Thanks, missed that part.
    Lots of great stuff, and blueprints for just about every tank... except the damn T-70.
    And AMVAS is unaware about this state of art...
    Merely I have no enough hands to post every blueprint I have
    Which ones do you need? Early models T-70, or later T-70M or what else?


    Oh well, at least they had production figures... 8,200 of the little buggers!
    Yes, they were better than previous light tanks, but not even a match for the TNPH tanks, tactically.

    Okay, they didn't want to build APCs until they were sure they had enough tanks. I guess the feasibility of the idea ends there.
    But... would the last 6,000 produced have been a better investment as APCs?
    Here are more exact figures for T-70 production


    Regards
    Alex

    Leave a comment:


  • The Exorcist
    replied
    Originally posted by joea View Post
    Well it's here:

    http://rkkaww2.armchairgeneral.com/

    But do you see the title bar at the top of the forum under the menu (user CP FAQ/Forum Rules etc.)?
    Thanks, missed that part.
    Lots of great stuff, and blueprints for just about every tank... except the damn T-70.


    Oh well, at least they had production figures... 8,200 of the little buggers!
    Yes, they were better than previous light tanks, but not even a match for the TNPH tanks, tactically.

    Okay, they didn't want to build APCs until they were sure they had enough tanks. I guess the feasibility of the idea ends there.
    But... would the last 6,000 produced have been a better investment as APCs?

    Leave a comment:


  • Scott Fraser
    replied
    The Marders were anti-tank guns on an open platform, and used in that role by anti-tank units. The SU-76 was not. The StuGs were originally used much as the SU-76, no doubt, but were fully armoured guns on a medium tank chassis, not quite the same. Their equivalent would be more the SU-122 or SU-85, not the SU-76. That's an important point: There was no equivalent of the SU-76 in the German arsenal, or the British or American for that matter. Think of it as a platoon of big Bren Carriers with a potent 76mm assigned to each battalion.

    As great an idea as APCs may be, if wishes were horses, beggars would ride, and so would Red Army infantry. They certainly pursued the idea after the war, and by 1950 had a PT-76 that swam, had a 76 mm gun in a turret, and carried a squad of infantry. That design was built on the experience of the T-40 and T-70 and the desire for a self-sufficient infantry delivery system, to give it a fancy name.

    The fact of the matter is that APCs were a novel idea first proved by the Wehrmacht at the considerable expense of the Red Army. No doubt they were suitably impressed, but they must have thought the idea of an armoured vehicle to carry infantry, instead of a gun, as a luxury beyond the needs of the time. It's important to remember the time, too. There was confidence in ultimate victory in 1943, but still no light at the end of the tunnel.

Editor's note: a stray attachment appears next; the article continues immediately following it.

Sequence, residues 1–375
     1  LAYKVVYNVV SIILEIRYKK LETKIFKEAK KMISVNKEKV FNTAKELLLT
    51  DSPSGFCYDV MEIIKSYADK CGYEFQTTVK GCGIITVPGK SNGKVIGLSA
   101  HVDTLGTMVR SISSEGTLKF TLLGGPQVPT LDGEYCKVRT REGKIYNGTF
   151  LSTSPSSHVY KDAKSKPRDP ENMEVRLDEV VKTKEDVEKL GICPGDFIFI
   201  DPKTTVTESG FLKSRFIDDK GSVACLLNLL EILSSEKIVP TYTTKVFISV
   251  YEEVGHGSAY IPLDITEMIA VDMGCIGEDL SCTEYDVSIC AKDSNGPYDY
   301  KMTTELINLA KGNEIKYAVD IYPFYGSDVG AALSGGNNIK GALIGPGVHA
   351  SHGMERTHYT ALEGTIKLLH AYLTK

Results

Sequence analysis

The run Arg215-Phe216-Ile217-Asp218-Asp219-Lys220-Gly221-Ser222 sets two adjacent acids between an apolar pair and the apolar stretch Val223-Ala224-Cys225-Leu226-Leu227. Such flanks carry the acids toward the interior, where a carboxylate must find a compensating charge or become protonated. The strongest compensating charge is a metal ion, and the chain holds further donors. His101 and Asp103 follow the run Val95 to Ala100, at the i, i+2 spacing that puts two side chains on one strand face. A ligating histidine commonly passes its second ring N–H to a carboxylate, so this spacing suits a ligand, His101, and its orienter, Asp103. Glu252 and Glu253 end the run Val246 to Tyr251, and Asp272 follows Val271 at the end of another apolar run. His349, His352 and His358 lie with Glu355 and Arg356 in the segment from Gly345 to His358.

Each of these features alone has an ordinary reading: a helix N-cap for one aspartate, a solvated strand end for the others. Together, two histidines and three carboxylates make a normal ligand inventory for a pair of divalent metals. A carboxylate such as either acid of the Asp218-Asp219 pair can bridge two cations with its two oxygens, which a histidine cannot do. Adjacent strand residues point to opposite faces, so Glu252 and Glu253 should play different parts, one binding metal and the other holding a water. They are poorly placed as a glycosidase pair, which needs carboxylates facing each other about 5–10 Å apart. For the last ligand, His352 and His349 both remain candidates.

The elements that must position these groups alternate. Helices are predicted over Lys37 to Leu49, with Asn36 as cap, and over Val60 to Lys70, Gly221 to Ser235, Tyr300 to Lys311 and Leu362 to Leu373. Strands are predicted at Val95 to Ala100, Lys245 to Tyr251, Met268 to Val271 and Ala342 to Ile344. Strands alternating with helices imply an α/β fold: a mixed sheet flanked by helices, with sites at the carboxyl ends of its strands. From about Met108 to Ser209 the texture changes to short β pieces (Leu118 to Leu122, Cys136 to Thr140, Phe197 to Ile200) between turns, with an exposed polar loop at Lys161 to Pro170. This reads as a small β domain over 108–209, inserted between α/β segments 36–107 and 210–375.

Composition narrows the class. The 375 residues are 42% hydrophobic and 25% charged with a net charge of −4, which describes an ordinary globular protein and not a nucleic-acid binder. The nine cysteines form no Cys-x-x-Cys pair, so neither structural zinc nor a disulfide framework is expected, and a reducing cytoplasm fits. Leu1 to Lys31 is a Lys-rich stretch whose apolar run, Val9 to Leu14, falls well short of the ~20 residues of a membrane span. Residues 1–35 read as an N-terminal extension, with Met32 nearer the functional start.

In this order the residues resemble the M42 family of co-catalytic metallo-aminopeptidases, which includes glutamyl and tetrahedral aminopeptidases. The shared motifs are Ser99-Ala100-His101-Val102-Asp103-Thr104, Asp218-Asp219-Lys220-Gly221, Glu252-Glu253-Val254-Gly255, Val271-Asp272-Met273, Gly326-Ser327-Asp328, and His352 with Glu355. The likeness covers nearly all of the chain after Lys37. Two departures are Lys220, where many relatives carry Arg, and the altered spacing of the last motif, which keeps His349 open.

Cheers
    Scott Fraser

    Leave a comment:


  • joea
    replied
    Originally posted by Exorcist View Post
    I will have a look at AMVAS as soon as I get a chance.

    Aw damn... it's not in his signature anymore. Where is it?
    Well it's here:

    http://rkkaww2.armchairgeneral.com/

    But do you see the title bar at the top of the forum under the menu (user CP FAQ/Forum Rules etc.)?

    RKKA (The Russian Army) in World War II Discuss the Russian armed forces in World War II. Hosted by our resident Russian expert, AMVAS. Please visit his RKKA in WW2 Website.

    "Website" contains the link.

    Leave a comment:


  • The Exorcist
    replied
    I will have a look at AMVAS as soon as I get a chance.

    Aw damn... it's not in his signature anymore. Where is it?

    Leave a comment:


  • The Exorcist
    replied
    Quit snapping at shadows already, unless you can show hwo I am being so disparaging of the Red Army.
    I did read your whole post, and Shap's too. Good posts, but I am trying to respond to both at once and that is not working very well.

    I am looking at the export figures, and this might be interesting-
    M15; AA halftrack with twin 50 cal and one 37mm- 100 shipped.
    T48, a.k.a. SU-57, 650
    (15 transferred to the Polish People's Army, 7th SP Artillery battery)
    M2, M5, M9 APCs- 1158
    plus a small number of other variants.

    Two thousand Halftracks might sound like a lot, but not really, given the voracious needs of the biggest army in the world. Naturally, they were used by units with special need for them; Recon, HQ, Artillery spotters and so on. Even if all of the weapons carriers were converted back to troop carriers, they could barely have met the needs of a handful of Tank Corps.

    I am trying to be technical here, not political.

    And yes, 12,000 SU-76 were useful, the Soviet equivalent of the Marder, but even by 1943 it's days were numbered, and in no way could it fill the role of the Stug III. They also had a elevation limited to about 15 degrees, so it coudl not provide indirect fire.

    Right into 1945, Russian tanks repeatedly left the infantry behind and suffered badly for that. This is a means to preserve the offensive power of the Tank Regiments, not to make life "easy" for the infantry!

    A T-70 APC would have given the Red Army the best APC in the world in 1942. It would have had better cross-country performance than any Halftrack, a far tougher target to disable and could have been armored to resist 20mm fire. It would have been a worthy companion to the tanks that were being produced at such great effort.... and should have been proposed as soon as it was seen how helpful the Sdkfz. 251 was to the Panzer divisions.

    Yes, I'm not a Russian, I don't have that POV. I will have a look at AMVAS as soon as I get a chance.
    Last edited by The Exorcist; 23 Feb 10, 01:58.